In, United States v. Kubiak, 704 F.2d 1545, 1551-1552 (11th Cir.), cert. denied, 464 U.S. 852, 104 S.Ct. 163, 78 L.Ed.2d 149 (1983), counsel for the defense asserted that testimony of a government chemist should have been stricken as a discovery sanction because the government's untimely disclosure denied him his right to effectively challenge the report or pursue further discovery concerning the evidence. The Court of Appeals noted that:
"[T]he only step taken by the defense to relieve itself from the predicament it now complains of, was its request that the chemist's testimony be stricken from the record. The defense never asked for a recess, let alone a continuance, to give it an opportunity to review the report. . . . The defense simply acquiesced in the continuation of the trial. (Citations omitted). To put it simply, the prejudice now complained of by the appellant 'could perfectly well have been ratified [sic] by a recess. Absent such a request the court cannot be faulted for having denied the request to preclude the [g]overnment from alluding to the [report] in question.' (Citation omitted). Although we don't condone the government's actions, we hold that in the particular circumstances of this case, the government's failure to comply with the discovery rules until the time of trial does not amount to reversible error." United States v. Kubiak, supra at 1552.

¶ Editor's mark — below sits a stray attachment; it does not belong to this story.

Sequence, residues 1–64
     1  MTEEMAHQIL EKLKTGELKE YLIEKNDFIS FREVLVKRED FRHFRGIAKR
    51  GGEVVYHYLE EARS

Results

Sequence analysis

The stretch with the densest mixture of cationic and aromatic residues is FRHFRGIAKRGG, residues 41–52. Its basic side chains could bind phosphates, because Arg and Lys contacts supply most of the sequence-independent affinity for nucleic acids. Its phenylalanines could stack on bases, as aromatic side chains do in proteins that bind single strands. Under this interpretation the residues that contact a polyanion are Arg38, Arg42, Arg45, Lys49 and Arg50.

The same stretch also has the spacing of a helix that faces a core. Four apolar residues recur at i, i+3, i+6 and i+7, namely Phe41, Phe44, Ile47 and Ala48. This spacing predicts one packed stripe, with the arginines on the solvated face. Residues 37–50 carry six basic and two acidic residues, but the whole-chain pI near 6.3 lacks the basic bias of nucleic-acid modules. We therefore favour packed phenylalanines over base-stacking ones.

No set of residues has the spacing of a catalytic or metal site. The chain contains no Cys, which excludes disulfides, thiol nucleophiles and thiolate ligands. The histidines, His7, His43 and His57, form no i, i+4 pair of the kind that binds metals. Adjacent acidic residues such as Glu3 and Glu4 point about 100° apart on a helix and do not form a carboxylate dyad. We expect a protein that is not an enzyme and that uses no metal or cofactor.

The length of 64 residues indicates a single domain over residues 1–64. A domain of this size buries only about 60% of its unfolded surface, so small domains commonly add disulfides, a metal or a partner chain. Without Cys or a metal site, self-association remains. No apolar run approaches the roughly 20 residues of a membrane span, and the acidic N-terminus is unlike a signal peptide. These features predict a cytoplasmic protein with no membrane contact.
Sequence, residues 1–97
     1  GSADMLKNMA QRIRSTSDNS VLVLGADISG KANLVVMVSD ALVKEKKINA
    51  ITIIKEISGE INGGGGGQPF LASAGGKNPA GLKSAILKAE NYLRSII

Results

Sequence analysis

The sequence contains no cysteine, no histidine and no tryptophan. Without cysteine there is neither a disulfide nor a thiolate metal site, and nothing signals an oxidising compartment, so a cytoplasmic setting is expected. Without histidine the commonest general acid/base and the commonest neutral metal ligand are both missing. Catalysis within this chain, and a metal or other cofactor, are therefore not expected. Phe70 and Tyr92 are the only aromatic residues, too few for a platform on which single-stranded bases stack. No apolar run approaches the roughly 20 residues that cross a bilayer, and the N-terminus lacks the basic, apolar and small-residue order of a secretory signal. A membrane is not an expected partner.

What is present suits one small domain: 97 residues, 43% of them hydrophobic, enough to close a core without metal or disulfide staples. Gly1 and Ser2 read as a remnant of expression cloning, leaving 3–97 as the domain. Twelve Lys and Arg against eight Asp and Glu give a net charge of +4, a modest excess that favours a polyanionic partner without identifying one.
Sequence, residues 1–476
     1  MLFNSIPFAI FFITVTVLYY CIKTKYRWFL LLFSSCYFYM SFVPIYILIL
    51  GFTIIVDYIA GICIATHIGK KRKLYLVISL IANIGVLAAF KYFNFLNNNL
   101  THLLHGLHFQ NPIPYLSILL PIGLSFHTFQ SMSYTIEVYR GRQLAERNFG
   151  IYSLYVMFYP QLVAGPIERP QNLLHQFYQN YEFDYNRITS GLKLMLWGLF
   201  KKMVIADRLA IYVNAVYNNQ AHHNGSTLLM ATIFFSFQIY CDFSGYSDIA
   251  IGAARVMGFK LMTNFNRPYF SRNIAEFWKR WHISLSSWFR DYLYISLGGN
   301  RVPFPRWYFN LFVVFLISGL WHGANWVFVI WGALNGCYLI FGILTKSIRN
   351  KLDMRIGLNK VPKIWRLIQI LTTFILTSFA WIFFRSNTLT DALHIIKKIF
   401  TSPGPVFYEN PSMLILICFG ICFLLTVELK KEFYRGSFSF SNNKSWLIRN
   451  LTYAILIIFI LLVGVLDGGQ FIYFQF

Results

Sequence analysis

Thus, the Court of Appeals in United States v. Kubiak, supra, determined that the failure of the prosecution to provide the defense with a copy of a lab report prior to trial did not compel the trial court to exclude the testimony of the chemist.